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Title: Burnout among nurses working in social welfare centers for the disabled
Authors: Lahana, Eleni 
Papadopoulou, Konstantina 
Roumeliotou, Olga 
Tsounis, Andreas 
Sarafis, Pavlos 
Niakas, Dimitris 
Major Field of Science: Medical and Health Sciences
Field Category: Health Sciences
Keywords: Annexes disabled;Nurses;Burnout;MBI;Intellectual disabilities
Issue Date: 23-Mar-2017
Source: BMC Nursing, 2017, vol. 16
Volume: 16
Journal: BMC Nursing 
Abstract: Background: In the healthcare sector, we often come across the burnout syndrome. It is an occupational syndrome which causes, physical and emotional exhaustion. More information is needed on the dangers of burnout and how often it occurs in healthcare. The purpose of this study was to investigate burnout and factors associated with the syndrome among nurses working with people that are mentally challenged. Methods: A cross-sectional survey was conducted, among 180 nurses working in public health centers for the disabled in multiple regions of Greece. A self-administered questionnaire with questions about socio-demographic and work-related characteristics was used, as well as the Maslach Burnout Inventory (MBI) for burnout assessment. Univariate and multivariate analyzes were performed. Results: The burnout dimensions of emotional exhaustion (Mean = 31.36) and depersonalization (Mean = 11.27) were at high levels while personal accomplishment was at low levels (Mean = 44.02). Female nurses had a higher personal accomplishment score (Mean = 44.82, p = 0.047) than men (Mean = 42.10, p = 0.047). Marital status, daily routine and relationships with supervisors were significantly related with emotional exhaustion and personal accomplishment and professional experience with higher levels of emotional exhaustion and depersonalization. Reason for professional selection was an independent predictor for depersonalization and personal accomplishment, with those that have selected the nursing profession randomly or because of the fear of unemployment having higher scores. Moderate relationships with colleagues was an independent predictor for all burnout dimensions. Conclusions: Nurses working in services for people with intellectual disabilities in Greece show increased burnout levels. Burnout can be prevented by offering more opportunities for professional advancement and education, new ways to provide supervisor support, provide incentives for nurses to initiate or participate in innovative programs. Specific training on conflict resolution, collaboration, reinforcement and stress coping techniques must be implemented.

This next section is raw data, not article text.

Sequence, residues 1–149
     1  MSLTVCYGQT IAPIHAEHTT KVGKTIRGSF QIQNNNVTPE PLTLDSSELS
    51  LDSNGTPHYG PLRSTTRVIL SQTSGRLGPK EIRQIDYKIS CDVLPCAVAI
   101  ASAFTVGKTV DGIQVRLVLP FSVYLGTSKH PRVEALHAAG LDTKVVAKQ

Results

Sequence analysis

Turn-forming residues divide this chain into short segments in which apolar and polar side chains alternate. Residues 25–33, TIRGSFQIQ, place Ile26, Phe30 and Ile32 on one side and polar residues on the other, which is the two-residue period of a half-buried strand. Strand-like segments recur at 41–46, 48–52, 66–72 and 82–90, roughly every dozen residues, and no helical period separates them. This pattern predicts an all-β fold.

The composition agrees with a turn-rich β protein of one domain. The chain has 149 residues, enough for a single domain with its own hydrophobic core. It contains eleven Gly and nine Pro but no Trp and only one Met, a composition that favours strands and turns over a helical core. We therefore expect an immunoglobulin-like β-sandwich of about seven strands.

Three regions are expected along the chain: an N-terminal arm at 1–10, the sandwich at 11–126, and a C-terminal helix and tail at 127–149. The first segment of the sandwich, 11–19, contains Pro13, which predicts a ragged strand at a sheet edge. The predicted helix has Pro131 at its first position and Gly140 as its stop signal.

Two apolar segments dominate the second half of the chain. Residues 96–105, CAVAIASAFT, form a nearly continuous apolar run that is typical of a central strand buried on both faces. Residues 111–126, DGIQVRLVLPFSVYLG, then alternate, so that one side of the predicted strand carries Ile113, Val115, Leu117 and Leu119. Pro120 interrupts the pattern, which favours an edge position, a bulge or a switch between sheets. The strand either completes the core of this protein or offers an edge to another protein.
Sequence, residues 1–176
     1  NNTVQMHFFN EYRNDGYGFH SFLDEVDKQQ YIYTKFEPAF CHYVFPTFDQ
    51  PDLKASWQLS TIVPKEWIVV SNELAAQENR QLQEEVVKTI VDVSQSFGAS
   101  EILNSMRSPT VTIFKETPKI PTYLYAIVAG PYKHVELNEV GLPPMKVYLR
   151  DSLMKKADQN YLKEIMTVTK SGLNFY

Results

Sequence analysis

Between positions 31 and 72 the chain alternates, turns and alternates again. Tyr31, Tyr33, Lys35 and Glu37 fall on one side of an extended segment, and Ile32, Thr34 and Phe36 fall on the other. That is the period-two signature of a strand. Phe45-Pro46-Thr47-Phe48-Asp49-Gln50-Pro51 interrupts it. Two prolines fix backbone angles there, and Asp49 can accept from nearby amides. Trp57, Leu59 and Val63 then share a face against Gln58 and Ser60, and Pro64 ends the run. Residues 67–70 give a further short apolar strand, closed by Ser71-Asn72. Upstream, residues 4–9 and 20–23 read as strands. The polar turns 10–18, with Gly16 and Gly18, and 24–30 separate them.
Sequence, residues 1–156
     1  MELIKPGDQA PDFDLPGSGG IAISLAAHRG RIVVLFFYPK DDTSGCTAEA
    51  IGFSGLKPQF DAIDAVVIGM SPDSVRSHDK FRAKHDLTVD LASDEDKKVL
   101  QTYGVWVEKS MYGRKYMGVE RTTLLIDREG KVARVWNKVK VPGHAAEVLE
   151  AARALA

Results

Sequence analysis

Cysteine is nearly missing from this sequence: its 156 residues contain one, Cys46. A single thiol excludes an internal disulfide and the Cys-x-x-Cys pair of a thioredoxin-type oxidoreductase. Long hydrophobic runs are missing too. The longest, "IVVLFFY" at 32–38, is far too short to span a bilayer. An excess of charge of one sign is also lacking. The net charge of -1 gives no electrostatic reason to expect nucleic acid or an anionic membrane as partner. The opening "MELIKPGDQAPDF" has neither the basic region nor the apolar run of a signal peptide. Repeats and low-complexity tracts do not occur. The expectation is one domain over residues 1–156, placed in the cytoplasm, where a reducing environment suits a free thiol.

ISSN: 1472-6955
DOI: 10.1186/s12912-017-0209-3
Rights: © The Author(s). This article is distributed under the terms of the Creative Commons Attribution 4.0 International License , which permits unrestricted use, distribution, and reproduction in any medium, provided you give appropriate credit to the original author(s) and the source, provide a link to the Creative Commons license, and indicate if changes were made. The Creative Commons Public Domain Dedication waiver applies to the data made available in this article, unless otherwise stated.
Type: Article
Affiliation : Technological Educational Institute of Larissa 
Hellenic Open University 
Centers for the Prevention of Addictions and Promoting Psychosocial Health, Municipality of Thessaloniki-OKANA 
Cyprus University of Technology 
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